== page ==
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Indonesian Teas

by Chris September 27, 2012

order brewed” src=”https://lh6.googleusercontent.com/-q97e56JkKWM/UGSzFaVYI0I/AAAAAAAAIhI/ld0Yr60aJNA/w177-h235-n-k/C14099D5-55BA-4AD3-8824-8F3D1E192CDD.JPG” alt=”Brew of Indonesian Red Tea” width=”200″ />Recently I had the opportunity to cup three different teas from Indonesia, thanks to samples from PT Harendong Green Farm. They are labeled simply Red, Greenand Oolong. Exciting, huh? Well, yes indeed!

Each of the dry leafs appeared to have been rolled in a half-ball style, with leaves that were slightly distressed-looking once unrolled (i.e. steeped).

For each of the teas, I used about one mug of hot water poured over one level teaspoon of tea in a porcelain teapot, steeped for three minutes at what seemed like an appropriate temperature (see notes below).

All were eminently drinkable, and each had a similarly pleasant velvety mouth-feel and a lingering (if not necessarily strong) aftertaste.

The one to write home about, though, it the oolong: I found it delicious and rather unique, with a warm and soft quality to the flavor and aroma that I just adored.

Notes for each tea follow:

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Indonesian Teas

by Chris September 27, 2012

order brewed” src=”https://lh6.googleusercontent.com/-q97e56JkKWM/UGSzFaVYI0I/AAAAAAAAIhI/ld0Yr60aJNA/w177-h235-n-k/C14099D5-55BA-4AD3-8824-8F3D1E192CDD.JPG” alt=”Brew of Indonesian Red Tea” width=”200″ />Recently I had the opportunity to cup three different teas from Indonesia, thanks to samples from PT Harendong Green Farm. They are labeled simply Red, Greenand Oolong. Exciting, huh? Well, yes indeed!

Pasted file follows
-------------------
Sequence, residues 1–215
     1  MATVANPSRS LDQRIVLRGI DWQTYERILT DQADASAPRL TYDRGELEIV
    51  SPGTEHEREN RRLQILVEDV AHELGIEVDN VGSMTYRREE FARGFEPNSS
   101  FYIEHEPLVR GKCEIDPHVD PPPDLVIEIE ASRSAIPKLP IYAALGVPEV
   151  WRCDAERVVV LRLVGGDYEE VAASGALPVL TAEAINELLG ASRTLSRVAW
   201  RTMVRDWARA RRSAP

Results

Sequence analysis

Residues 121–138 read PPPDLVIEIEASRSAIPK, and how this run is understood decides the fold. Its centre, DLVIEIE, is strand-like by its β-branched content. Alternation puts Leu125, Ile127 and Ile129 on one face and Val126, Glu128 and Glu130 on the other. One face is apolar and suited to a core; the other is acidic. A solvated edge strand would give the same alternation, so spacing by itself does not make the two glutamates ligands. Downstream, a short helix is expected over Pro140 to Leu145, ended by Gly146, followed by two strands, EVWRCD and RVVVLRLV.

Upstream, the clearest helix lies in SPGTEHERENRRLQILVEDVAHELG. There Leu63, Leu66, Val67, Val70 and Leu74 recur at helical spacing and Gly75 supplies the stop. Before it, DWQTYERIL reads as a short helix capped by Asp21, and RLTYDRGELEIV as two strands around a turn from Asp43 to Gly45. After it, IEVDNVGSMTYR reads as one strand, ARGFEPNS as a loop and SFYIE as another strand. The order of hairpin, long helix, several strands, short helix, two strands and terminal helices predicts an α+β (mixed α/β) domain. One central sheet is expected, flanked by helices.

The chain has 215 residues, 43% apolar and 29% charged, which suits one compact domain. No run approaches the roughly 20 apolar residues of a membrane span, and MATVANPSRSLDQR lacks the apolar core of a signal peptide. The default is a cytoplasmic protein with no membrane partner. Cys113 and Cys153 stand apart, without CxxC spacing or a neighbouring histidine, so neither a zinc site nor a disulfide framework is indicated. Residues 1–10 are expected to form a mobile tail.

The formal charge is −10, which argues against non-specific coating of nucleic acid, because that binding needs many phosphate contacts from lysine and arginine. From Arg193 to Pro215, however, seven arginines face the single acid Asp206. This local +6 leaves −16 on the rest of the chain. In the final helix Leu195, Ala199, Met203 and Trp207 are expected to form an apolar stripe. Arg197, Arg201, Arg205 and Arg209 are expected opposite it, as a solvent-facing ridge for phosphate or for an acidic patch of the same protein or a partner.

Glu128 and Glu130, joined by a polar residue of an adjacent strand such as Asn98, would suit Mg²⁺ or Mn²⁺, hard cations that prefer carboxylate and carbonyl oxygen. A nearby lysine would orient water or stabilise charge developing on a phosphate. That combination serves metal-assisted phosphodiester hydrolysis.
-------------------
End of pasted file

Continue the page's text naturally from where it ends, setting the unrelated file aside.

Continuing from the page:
Each of the dry leafs appeared to have been rolled in a half-ball style, with leaves that were slightly distressed-looking once unrolled (i.e. steeped).

For each of the teas, I used about one mug of hot water poured over one level teaspoon of tea in a porcelain teapot, steeped for three minutes at what seemed like an appropriate temperature (see notes below).

All were eminently drinkable, and each had a similarly pleasant velvety mouth-feel and a lingering (if not necessarily strong) aftertaste.

The one to write home about, though, it the oolong: I found it delicious and rather unique, with a warm and soft quality to the flavor and aroma that I just adored.

Notes for each tea follow:

Read More

Bai Ji Guan Yancha Tian Xin Yan, Vicony Teas

by Cinnabar July 01, 2012

I suspect that for most tea people in the United States, the most familiar high-end Wuyi rock oolong is Da Hong Pao (“Big Red Robe”), but it is not the only famous tea at the top end of this respectable … Continue reading
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